As much as 49 percent of national carbon emissions are generated from the United Kingdom’s existing stock of buildings. Furthermore, it is anticipated that at least 80 percent of these buildings will still be here even after 40 years (GLA, 2011). However, considering the current rate of retrofits, it will be safe to say that majority of these buildings would not be retrofitted or made free of carbon in time to satisfy UK’s and EU’s ambitious targets for carbon emissions. A great challenge for those who have been assigned this task is to deal with the untested and unsteady delivery, finance and policy mechanisms. The challenges for the Greater London region are even more complicated as much of the buildings stock dates back to the Victorian era (Cassar, 2009). This includes more than 1000 conservation sites (including over 570,000 homes), hundreds of thousands buildings which are protected to some extent, and as many as 20,000 listed buildings. Manager, residents, and owners are required to take special care when working with designated buildings to protected London’s uniqueness and comply with regulations.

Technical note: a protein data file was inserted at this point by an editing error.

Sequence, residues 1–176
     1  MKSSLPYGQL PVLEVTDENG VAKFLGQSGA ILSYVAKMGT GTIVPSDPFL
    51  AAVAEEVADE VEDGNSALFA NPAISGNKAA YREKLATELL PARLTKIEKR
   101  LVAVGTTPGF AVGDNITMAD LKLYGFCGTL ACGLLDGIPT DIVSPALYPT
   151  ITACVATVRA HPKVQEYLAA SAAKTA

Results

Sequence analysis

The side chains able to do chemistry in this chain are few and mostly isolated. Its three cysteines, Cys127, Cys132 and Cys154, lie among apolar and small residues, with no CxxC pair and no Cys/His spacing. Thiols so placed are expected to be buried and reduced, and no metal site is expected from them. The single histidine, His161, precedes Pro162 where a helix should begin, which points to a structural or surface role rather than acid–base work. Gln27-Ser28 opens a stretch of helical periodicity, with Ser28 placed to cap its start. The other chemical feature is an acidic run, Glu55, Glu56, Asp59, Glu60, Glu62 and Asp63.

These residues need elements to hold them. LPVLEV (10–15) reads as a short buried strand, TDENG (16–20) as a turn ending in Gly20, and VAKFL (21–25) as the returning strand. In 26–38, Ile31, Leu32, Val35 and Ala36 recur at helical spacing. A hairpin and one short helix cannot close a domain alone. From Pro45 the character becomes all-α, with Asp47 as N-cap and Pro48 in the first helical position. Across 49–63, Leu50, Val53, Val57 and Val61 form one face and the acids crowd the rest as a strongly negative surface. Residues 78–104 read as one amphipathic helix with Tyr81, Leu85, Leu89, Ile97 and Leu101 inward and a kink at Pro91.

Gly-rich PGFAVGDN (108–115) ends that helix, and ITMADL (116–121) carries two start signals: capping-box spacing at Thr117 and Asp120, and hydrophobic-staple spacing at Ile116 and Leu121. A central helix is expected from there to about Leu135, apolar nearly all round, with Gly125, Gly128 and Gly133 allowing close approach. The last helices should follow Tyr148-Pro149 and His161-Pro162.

In accordance with the section 66 of the Planning Act 1990 that deals with Listed Buildings, it is the responsibility of the City Council to decide whether permission for development or alteration affecting listed buildings or its façade should be granted or not. City councils are obliged to pay special regards to the needs of preserving the attractiveness, setting and any other features of significant historic or architectural interest. The government suggests to always favour the preservation of listed buildings, but each case should is evaluated based on the facts and results anticipated from demolition or alteration. The Secretary of State for Sport, Media and Culture is solely responsible to listing the buildings (DCLG, 2010).